Assessment of whether or not a PCR product corresponds to a resistance genes may be conducted in various ways, as discussed, and a PCR band may contain a complex mix of products. Individual products may be cloned and each sreened for linkage to known disease resistance genes that are segregating in progeny that showed a polymorphism for this probe. Alternatively, the PCR product may be treated in a way that enables one to display the polymorphism on a denaturing polyacrylamide DNA sequencing gel with specific bands that are linked to the resistance gene being preselected prior to cloning. Once a candidate PCR band has been cloned and shown to be linked to a known resistance gene, it may be used to isolate clones which may be inspected for other features and homologies to Cf-9, Cf-5 or other related gene. It may subsequently be analysed by transformation to assess its function on introduction into a disease sensitive variety of the plant of interest. Alternatively, the PCR band or sequences derived by analysing it may be used to assist plant breeders in monitoring the segregation of a useful resistance gene.
These techniques are of general applicability to the identification of pathogen resistance genes in plants. Examples of the type of genes that can be identified in this way include Phytophthora resistance in potatoes., mildew resistance and rust resistance in cereals such as barley and maize, rust resistance in Antirrhinum and flax, downy mildew resistance in lettuce and Arabidopsis, virus resistance in potato, tomato and tobacco, nematode resistance in tomato, resistance to bacterial pathogens in Arabidopsis and tomato and Xanthomonas resistance in peppers.
Once a pathogen resistance gene has been identified, it may be reintroduced into plant cells using techniques well known to those skilled in the art to produce transgenic plants. According to a further aspect, the present invention provides a DNA isolate encoding the protein product of a plant pathogen resistance gene which has been identified by use of the presence therein of LRRs or, in particular, by the technique defined above.
According to a yet further aspect, the invention provides transgenic plants, in particular crop plants, which have been engineered to carry pathogen resistance genes which have been identified by the presence of LRRs or by nucleic acid hybridisation as disclosed, or are otherwise provided by an embodiment of the present invention. Examples of suitable plants include tobacco, cucurbits, carrot, vegetable brassica, lettuce, strawberry, oilseed brassica, sugar beet, wheat, barley, maize, rice, soyabeans, peas, sorghum, sunflower, tomato, potato, pepper, chrysanthemum, carnation, poplar, eucalyptus and pine.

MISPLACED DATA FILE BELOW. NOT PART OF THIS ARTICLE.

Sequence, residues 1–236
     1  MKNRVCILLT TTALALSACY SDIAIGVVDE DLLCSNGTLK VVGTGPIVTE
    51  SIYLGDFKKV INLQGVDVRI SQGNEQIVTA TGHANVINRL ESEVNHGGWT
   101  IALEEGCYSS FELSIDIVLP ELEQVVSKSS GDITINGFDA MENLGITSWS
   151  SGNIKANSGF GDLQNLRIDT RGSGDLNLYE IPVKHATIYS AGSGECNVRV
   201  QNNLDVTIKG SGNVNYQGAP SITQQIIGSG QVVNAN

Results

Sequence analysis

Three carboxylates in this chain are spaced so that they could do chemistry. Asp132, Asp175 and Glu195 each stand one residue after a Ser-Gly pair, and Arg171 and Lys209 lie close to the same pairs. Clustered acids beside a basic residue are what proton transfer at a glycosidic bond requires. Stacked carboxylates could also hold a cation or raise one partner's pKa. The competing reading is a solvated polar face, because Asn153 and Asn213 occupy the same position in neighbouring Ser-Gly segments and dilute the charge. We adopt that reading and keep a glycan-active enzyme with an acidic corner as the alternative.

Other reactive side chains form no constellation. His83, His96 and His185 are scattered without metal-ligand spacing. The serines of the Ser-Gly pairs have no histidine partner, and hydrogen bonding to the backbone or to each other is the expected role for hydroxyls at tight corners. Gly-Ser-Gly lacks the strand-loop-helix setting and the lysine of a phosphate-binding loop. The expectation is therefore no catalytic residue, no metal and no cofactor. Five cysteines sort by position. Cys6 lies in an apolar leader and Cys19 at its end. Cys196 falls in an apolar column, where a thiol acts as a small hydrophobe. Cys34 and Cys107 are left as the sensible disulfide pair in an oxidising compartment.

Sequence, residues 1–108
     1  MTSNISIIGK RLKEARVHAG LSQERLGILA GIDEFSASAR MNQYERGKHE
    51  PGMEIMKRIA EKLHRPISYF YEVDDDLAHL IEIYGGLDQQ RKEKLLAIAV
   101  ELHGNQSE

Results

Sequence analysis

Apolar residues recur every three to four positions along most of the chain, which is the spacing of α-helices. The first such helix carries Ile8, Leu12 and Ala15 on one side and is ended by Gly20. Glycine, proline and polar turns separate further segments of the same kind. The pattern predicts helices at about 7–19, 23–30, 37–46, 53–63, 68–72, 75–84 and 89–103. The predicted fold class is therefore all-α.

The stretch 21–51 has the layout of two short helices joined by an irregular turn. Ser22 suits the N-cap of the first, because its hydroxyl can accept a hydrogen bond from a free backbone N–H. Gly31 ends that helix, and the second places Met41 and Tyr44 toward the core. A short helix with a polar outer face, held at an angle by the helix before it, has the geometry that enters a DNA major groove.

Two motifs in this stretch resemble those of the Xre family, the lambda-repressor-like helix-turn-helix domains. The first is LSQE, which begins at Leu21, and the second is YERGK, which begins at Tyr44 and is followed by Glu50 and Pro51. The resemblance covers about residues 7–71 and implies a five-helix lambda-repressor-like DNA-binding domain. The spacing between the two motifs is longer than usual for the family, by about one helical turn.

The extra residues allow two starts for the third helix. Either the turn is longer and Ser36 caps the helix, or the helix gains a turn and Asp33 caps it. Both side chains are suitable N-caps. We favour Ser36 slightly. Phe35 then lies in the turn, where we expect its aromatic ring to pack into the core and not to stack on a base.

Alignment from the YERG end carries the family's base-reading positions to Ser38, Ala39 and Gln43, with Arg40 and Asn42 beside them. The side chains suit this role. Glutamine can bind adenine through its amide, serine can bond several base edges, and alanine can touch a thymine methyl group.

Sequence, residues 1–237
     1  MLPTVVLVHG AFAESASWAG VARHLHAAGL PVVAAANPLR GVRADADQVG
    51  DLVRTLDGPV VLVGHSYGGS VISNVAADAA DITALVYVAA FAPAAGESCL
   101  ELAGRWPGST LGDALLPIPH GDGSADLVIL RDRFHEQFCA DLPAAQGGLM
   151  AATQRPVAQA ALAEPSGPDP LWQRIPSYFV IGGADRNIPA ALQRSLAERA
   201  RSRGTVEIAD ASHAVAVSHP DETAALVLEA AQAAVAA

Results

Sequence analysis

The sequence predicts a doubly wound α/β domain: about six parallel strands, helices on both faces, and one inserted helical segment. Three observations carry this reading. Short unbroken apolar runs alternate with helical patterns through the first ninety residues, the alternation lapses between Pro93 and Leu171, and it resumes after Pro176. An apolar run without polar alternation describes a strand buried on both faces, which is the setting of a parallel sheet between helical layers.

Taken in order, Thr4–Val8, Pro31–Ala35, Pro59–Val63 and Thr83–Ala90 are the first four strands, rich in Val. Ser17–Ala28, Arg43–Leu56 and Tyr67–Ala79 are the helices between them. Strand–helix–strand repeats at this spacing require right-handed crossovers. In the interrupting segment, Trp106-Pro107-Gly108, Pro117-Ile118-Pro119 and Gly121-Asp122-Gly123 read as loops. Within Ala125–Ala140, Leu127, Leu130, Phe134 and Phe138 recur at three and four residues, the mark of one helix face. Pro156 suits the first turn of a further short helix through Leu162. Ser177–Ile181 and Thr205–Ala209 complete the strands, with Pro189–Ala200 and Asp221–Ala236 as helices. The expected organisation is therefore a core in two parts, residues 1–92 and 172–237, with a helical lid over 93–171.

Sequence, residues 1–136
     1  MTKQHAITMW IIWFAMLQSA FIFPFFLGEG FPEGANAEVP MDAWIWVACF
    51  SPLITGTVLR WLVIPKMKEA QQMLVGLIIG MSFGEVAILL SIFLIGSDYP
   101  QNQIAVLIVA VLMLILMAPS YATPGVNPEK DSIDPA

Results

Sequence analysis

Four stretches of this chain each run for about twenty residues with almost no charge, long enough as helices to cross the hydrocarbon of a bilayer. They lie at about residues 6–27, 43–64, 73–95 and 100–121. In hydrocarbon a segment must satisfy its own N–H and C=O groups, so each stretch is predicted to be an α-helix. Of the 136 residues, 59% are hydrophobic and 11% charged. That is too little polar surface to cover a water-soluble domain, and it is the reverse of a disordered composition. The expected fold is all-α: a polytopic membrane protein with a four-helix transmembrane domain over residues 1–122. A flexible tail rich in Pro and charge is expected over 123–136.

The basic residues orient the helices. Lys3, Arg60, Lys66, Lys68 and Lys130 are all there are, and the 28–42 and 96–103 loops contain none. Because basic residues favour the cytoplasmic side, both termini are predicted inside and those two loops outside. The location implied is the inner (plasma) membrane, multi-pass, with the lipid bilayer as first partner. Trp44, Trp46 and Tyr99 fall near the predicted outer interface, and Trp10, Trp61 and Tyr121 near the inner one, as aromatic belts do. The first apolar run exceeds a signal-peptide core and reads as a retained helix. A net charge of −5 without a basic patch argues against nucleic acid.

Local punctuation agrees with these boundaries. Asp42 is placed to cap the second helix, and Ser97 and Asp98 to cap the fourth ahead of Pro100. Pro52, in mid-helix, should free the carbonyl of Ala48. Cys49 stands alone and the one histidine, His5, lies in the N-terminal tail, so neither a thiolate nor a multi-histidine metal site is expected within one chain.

Modifications to these and further aspects and embodiments of the present invention will be apparent to those skilled in the art. All documents mentioned herein are incorporated by reference. The term “comprises” should generally be interpreted herein as meaning “includes”, not “consisting of”.
As already indicated, the present invention is based on the cloning and sequencing of the tomato Cf-5 gene and this experimental work is outlined below with reference to the following figures.
FIGS. 1A-1B show the nucleotide sequence, including coding sequence, of cloned Cf-5 gene according to the present invention. The FIG. 1A (SEQ ID NO:1) and FIG. 1B (SEQ ID NO:2) sequences each represent a variant sequence of the other.
FIGS. 2A-2B show the amino acid sequence of CF-5 protein according to the invention. The FIG. 2A (SEQ ID NO:3) and FIG. 2B (SEQ ID NO:4) sequences each represent a variant sequence of the other, being respectively encoded by the encoding sequences of FIGS. 1A and 1B.
FIG. 3 shows a representation (not to scale) of the general structure of the genomic regions including the regions from the susceptible locus of Cf0, Cf2 and Cf5. The terminology “Hcr-x” is used as short-hand for “homologue of Cladosporium resistance gene x”. The Cf-5 sequence of FIG. 1B is known also as Hcr2-5C.